Our round-up of articles of interest and key news affecting authors. In this week’s edition: 2018 book publishing predictions, Spotify hit with a 1.6 billion lawsuit and more...
From Didion to Bukowski, Electric Literature talks to indie bookstores across the country to find out which books are most likely to be kidnapped from their stores.
The New York Times
Fred Bass, who transformed his father’s small used-book store into the mecca that is the Strand, died on Wednesday at his home in Manhattan.
The Microsoft e-bookstore is said to be designed to “offer millions of people a great opportunity to get more value out of their PCs.”
Wixen Music Publishing is suing Spotify for allegedly using thousands of songs from Tom Petty, The Doors, and other artists without licenses or compensation.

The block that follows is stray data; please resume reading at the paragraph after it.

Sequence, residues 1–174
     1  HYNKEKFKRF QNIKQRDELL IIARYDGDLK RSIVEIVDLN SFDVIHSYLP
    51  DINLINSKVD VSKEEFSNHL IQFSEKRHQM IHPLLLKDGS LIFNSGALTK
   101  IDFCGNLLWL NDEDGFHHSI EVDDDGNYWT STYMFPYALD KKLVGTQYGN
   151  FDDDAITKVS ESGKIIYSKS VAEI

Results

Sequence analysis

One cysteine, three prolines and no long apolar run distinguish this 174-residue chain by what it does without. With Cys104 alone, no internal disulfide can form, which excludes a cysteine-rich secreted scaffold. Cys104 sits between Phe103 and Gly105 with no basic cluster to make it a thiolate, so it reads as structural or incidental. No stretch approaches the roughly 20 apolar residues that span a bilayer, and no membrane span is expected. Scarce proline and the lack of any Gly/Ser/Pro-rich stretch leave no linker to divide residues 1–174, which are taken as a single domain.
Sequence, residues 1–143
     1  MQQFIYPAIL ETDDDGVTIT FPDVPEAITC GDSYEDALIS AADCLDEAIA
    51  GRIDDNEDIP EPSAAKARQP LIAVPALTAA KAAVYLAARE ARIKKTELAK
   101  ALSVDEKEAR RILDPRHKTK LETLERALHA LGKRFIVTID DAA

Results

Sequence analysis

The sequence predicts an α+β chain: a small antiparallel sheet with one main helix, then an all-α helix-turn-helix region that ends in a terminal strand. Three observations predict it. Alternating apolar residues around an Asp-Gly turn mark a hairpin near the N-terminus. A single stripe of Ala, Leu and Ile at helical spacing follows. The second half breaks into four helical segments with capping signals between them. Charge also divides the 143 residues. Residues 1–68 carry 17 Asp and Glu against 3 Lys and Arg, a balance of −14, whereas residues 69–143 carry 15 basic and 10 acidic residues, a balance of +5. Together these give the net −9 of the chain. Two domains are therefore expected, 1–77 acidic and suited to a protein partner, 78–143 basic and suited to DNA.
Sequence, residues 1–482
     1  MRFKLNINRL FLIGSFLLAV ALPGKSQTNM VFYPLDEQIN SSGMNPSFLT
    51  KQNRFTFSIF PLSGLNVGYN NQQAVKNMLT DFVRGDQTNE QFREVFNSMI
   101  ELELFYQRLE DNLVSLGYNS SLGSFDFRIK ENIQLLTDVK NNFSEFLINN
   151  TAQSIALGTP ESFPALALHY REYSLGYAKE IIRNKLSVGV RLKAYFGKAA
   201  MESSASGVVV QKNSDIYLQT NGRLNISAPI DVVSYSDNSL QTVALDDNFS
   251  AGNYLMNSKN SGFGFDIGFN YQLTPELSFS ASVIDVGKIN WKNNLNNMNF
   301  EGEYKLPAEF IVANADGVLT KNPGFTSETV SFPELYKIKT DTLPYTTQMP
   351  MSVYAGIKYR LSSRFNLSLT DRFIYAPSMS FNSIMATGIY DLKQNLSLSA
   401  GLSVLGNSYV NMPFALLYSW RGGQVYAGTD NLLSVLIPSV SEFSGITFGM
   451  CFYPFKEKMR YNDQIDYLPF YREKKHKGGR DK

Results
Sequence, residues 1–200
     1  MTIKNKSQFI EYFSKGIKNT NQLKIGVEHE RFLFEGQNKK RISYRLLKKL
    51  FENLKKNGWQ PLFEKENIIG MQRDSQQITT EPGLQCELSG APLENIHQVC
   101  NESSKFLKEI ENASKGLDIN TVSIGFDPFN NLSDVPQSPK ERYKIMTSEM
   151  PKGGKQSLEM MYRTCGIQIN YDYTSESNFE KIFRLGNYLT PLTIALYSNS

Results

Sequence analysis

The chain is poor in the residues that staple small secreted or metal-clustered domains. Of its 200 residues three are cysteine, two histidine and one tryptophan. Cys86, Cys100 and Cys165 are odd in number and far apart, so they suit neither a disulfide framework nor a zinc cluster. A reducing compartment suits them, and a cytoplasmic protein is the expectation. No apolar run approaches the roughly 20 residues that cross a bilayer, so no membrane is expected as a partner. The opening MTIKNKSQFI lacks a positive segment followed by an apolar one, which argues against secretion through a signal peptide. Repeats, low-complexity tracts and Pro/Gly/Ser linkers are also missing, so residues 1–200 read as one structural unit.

The Ninth Circuit recently held that Section 204(a) of the Copyright Act does not require a specific and particular reference to “copyright” for an effective transfer. Copyright transfer is effective even when transfer documents do not mention copyright, if it can be established from the facts that the parties intended to transfer copyright ownership.
Smashwords founder Mark Coker’s 2018 forecasts for the publishing industry include the demise of independent ebook publishing and growth of audiobooks.
Jim Milliot and John Maher of Publishers Weekly summarize the top PW publishing stories of 2017.
Forbes contributor Tony Nitti analyzes the new deductions for pass-through entities, concluding that without regulations, form instructions, or guidance from a lawmaker “who actually understands” the bill, it could take a while to get clarity on its provisions.